Immigration and the demand for life insurance: evidence from Canada, 1911

Alan de Bromhead, Karol Jan Borowiecki

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This article analyses the determinants of the demand for life insurance using sample data from the 1911 Census of Canada. We find that immigrants' demand for life insurance was on average around 13 percentage points lower than that of native-born Canadians, with the effect varying by province of settlement. We interpret these findings as evidence suggesting a greater appetite for risk among self-selecting immigrants relative to native-born Canadians. We also uncover evidence of a slow assimilation of immigrants in terms of life insurance holdings, slower indeed than the process of assimilation in terms of earnings.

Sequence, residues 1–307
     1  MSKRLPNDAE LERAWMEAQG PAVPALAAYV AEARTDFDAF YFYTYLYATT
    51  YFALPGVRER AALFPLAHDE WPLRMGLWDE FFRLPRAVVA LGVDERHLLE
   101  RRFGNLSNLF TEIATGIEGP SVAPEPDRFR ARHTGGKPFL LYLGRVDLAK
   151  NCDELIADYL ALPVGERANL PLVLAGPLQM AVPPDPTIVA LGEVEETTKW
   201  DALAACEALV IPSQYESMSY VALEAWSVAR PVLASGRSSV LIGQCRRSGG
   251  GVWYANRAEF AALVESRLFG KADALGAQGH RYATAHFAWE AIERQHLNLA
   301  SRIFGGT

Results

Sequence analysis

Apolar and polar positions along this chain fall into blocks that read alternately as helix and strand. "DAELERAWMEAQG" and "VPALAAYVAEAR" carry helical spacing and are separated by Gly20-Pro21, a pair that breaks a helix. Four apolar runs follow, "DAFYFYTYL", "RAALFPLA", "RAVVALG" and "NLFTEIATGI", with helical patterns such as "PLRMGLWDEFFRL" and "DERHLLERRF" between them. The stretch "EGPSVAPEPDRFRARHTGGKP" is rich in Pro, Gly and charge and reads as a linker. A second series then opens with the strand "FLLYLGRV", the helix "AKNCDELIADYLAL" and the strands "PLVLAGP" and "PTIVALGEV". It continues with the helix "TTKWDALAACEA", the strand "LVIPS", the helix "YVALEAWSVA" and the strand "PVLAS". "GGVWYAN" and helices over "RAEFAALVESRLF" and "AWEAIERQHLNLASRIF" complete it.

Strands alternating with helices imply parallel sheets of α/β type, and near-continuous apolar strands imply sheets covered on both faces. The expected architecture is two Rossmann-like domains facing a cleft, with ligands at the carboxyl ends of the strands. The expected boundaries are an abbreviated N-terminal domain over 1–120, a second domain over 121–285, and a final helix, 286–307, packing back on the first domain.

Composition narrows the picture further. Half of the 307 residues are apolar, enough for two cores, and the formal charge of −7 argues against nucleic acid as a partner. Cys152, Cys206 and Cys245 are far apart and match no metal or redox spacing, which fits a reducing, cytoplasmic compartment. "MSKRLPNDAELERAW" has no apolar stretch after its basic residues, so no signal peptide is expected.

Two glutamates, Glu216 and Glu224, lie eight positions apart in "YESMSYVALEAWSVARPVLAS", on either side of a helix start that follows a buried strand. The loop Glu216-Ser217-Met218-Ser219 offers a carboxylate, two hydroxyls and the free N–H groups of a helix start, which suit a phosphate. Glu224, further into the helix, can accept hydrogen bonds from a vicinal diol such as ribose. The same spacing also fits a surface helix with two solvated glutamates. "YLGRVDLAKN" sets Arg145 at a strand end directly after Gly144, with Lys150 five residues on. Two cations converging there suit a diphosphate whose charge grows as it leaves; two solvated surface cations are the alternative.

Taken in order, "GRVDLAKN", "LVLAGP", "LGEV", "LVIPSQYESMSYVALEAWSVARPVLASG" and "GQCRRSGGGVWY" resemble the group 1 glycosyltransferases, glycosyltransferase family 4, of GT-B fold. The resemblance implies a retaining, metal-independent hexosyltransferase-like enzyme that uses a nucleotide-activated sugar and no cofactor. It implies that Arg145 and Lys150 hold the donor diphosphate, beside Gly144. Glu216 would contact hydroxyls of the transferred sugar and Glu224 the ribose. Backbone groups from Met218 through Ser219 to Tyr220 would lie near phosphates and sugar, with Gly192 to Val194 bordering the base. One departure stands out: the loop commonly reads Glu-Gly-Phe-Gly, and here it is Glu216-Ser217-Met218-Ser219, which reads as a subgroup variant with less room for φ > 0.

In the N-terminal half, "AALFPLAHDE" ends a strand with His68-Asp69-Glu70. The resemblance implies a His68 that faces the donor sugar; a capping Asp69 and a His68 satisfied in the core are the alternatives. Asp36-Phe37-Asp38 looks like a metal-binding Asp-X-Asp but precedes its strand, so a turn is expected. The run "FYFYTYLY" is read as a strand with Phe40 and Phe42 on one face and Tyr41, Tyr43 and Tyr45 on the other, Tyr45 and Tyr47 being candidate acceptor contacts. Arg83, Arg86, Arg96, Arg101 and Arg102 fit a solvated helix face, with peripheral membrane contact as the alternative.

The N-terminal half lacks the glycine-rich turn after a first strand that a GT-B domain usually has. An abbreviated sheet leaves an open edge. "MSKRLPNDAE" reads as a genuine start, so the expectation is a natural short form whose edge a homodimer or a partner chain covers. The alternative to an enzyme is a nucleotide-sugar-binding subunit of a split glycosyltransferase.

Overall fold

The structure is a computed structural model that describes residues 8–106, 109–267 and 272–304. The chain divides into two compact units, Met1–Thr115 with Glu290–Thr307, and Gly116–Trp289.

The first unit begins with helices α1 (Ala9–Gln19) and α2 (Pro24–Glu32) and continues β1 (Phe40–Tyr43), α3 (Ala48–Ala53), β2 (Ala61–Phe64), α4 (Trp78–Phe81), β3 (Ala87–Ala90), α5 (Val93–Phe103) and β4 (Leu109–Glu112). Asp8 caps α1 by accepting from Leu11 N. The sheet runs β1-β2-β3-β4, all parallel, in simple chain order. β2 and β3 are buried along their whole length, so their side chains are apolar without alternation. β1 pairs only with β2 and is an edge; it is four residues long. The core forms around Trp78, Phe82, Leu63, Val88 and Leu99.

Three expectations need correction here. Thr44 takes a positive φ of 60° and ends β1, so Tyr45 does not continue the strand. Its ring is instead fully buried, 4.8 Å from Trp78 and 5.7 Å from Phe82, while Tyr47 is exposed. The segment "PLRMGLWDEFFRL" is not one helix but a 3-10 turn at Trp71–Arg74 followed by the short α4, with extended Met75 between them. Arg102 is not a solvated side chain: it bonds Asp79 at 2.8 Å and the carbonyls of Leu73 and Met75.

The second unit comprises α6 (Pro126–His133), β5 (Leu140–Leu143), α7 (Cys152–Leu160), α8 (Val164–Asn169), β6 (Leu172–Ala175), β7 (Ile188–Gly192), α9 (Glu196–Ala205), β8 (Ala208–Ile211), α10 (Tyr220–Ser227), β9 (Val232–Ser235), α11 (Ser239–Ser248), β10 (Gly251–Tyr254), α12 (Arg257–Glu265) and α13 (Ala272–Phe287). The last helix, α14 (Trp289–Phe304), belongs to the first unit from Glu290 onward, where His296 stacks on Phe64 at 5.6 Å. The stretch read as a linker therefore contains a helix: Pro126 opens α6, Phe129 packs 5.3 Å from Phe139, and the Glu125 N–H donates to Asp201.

Original languageEnglish
Pages (from-to)147-175
JournalEuropean Review of Economic History
Issue number2
Early online date15 Jan 2016
Publication statusPublished - 01 May 2016


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